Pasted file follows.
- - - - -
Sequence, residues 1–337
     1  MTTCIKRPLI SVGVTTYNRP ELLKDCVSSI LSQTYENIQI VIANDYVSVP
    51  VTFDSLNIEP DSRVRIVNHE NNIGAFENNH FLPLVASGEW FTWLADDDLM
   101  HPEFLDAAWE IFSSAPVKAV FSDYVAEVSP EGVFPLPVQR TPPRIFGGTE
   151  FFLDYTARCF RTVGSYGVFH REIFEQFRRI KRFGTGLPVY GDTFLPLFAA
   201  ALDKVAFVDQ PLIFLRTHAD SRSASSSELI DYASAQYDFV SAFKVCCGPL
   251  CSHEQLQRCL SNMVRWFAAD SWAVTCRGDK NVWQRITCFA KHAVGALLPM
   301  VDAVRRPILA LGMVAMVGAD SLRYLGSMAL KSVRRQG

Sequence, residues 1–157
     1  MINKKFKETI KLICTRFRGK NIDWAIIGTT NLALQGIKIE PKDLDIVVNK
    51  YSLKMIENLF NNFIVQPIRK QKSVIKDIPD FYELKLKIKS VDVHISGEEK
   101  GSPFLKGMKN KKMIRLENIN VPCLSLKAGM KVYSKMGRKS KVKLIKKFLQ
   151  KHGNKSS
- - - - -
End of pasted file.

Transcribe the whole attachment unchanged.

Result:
Sequence, residues 1–337
     1  MTTCIKRPLI SVGVTTYNRP ELLKDCVSSI LSQTYENIQI VIANDYVSVP
    51  VTFDSLNIEP DSRVRIVNHE NNIGAFENNH FLPLVASGEW FTWLADDDLM
   101  HPEFLDAAWE IFSSAPVKAV FSDYVAEVSP EGVFPLPVQR TPPRIFGGTE
   151  FFLDYTARCF RTVGSYGVFH REIFEQFRRI KRFGTGLPVY GDTFLPLFAA
   201  ALDKVAFVDQ PLIFLRTHAD SRSASSSELI DYASAQYDFV SAFKVCCGPL
   251  CSHEQLQRCL SNMVRWFAAD SWAVTCRGDK NVWQRITCFA KHAVGALLPM
   301  VDAVRRPILA LGMVAMVGAD SLRYLGSMAL KSVRRQG

Sequence, residues 1–157
     1  MINKKFKETI KLICTRFRGK NIDWAIIGTT NLALQGIKIE PKDLDIVVNK
    51  YSLKMIENLF NNFIVQPIRK QKSVIKDIPD FYELKLKIKS VDVHISGEEK
   101  GSPFLKGMKN KKMIRLENIN VPCLSLKAGM KVYSKMGRKS KVKLIKKFLQ
   151  KHGNKSS